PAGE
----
It is thought that the word Bit-Hilani is derived from the Hittite word Hilambar, that is door. It is seen that it was used in everywhere with hot climate in the iron age. It can be thought of as a kind of sun protection system.
If we look at the Bit-Hilani plan: it has a building plan that consists by entering a horizontal-axis room through an entrance with a portico on the same axis. In Hilani buildings built as a temple, a room is added to these two rooms, which does not spoil the plan. This room is generally used as a warehouse.
Although the Bit-Hilani type, which is quite common in the Late Hittite settlements, is still a controversial issue in origin, the E structure, which is considered to be the pioneer of Hilani structures in Tilmen Höyük, written by Professor Refik Duru. Likewise, the E structure in Büyükkale, located in the Boğazköy Hattusa, has an entrance with a portico in front and a structure with a room divided into two at the back, with a lateral extension. The relationship of both Tilmen mound and Hattusa palace with the Hilanis is evident. But how did these structures turn into the Iron Age Hilanis?
It is obvious that such structures are popular in Hittite geography. It is also normal that porch entrances are needed in hot climates. In fact, it will not be surprising that these structures are of Anatolian origin.
Assyrian King II. Sargon mentions such a building in the Establishment text of Dur-Sharrukin.
“A portico, patterned after the Hittite palace, which in the language of Amurru they call a bit-hilani, I built in front of the palaces’ gates.”
Since the structure in the western corner of the palace terrace is not known exactly, it is possible that it is the structure described with these words. II. Sargon says that these structures are unique to the Hittites.
It is a search for an origin that is not exaggerated that our naming it an Anatolian-origin construction technique within the scope of the plan and explanations. However, Bit-Hilani buildings have developed continuously and the columns at the entrance have begun to be decorated with sculptures. For these columns, cedar wooden pillars are used, the front facade is decorated with reliefs, protom-headed lions and sphinxes.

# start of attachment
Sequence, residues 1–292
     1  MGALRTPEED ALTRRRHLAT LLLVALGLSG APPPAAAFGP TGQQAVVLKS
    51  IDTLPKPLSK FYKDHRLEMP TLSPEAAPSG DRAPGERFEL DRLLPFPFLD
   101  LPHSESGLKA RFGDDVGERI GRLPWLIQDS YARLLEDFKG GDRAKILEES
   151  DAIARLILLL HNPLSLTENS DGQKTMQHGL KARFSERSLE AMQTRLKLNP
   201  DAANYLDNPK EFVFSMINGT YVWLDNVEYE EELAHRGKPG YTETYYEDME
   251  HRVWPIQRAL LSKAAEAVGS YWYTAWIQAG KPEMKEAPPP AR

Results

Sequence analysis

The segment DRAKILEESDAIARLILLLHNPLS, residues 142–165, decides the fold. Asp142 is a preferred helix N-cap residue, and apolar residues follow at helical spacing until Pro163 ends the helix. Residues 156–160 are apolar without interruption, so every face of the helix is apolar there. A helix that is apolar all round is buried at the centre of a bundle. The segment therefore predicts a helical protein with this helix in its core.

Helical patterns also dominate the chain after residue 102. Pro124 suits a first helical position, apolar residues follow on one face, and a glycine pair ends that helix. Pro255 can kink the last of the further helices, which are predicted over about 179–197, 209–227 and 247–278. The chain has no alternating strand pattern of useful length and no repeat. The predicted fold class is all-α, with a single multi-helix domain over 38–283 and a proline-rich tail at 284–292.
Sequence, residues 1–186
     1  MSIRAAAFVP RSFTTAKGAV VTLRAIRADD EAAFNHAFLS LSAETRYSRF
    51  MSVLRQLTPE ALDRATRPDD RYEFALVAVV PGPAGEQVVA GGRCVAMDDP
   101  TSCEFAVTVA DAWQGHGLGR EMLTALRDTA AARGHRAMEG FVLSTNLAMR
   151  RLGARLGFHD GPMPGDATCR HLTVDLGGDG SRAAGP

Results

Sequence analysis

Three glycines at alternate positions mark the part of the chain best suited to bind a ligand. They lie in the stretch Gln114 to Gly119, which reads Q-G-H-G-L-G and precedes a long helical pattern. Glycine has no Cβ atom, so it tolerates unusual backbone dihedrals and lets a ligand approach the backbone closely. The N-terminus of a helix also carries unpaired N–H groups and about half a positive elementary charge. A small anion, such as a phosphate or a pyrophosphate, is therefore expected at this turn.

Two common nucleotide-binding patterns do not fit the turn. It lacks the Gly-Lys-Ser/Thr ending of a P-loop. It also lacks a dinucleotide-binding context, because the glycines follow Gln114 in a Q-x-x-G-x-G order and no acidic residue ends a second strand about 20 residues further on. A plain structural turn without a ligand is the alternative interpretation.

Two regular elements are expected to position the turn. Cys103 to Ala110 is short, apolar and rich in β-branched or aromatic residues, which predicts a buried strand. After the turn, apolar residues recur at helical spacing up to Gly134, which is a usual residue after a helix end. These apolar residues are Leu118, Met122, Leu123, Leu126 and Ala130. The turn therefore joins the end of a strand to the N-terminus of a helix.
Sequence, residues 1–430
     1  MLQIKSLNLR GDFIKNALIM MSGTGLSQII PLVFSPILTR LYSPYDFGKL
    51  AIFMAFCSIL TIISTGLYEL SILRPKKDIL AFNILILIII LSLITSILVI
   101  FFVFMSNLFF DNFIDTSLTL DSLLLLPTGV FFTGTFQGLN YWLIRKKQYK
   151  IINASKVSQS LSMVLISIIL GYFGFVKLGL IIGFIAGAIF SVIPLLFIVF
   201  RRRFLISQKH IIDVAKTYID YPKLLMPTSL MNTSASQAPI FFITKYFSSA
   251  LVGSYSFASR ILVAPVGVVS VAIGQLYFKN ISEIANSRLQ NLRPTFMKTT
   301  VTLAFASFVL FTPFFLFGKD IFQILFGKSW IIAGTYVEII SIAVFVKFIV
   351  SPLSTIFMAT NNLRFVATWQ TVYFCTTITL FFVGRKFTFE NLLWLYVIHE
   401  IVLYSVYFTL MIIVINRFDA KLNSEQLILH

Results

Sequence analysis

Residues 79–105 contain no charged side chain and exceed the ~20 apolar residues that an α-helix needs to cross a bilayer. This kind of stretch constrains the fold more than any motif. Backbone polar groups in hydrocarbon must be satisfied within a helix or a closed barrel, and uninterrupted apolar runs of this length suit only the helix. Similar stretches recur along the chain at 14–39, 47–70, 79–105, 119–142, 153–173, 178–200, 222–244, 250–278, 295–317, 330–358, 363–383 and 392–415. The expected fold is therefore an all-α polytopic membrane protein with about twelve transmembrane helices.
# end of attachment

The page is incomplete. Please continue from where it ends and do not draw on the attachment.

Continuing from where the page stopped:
İf when it comes to Tell Halaf, the Hilani façade evolves from pretentious to impressive. Kapara Palace in Tall Halaf stands out with its early Hilani. It is the earliest example of monumental Hilanis.
There were god statues on the sacred animals carrying the roof at the Hilani entrance of the Kapara Palace.
-Mother Goddess on the lioness (right)
-Storm God Tesup on the bull (center)
-The son of God Teshup is depicted on the lion (left).
It is the earliest example of using human figures.
Human figures are the oldest example used. It is not surprising to see that a situation ascribed to Greek art has a predecessor as early as 10 century BC. It is not an unknown phenomenon that Europe reached the development of Anatolia and Mesopotamia much later.
The Erechtheion temple in Athens (421-406 BC) was built centuries after this palace, but it is worth comparing with its style similarity. It was a temple dedicated to the goddess Athena and the god Poseidon. The south columns formed by the Karyadit girls can be likened to hilani doorways. There is no doubt that the understanding of art here and the art understanding of those who made the Kapara Palace were at a level that could compete with each other. Although the materials used have changed, it is not difficult to see the same logic and understanding of art for these structures. It is not at all strange for the Ancient Greek artists to develop an architecture they have seen, from the idea that art is formed by a phenomenon of inspiration.
While Bit-Hilani is a structure open to development, can we associate the closed-to-development of the Ancient Greek Megoran structures with open to development face of the east? Who knows, maybe if we were the Teotihucan people who thought that the architectural structures were alive, we could have reached far more conclusions than this inference!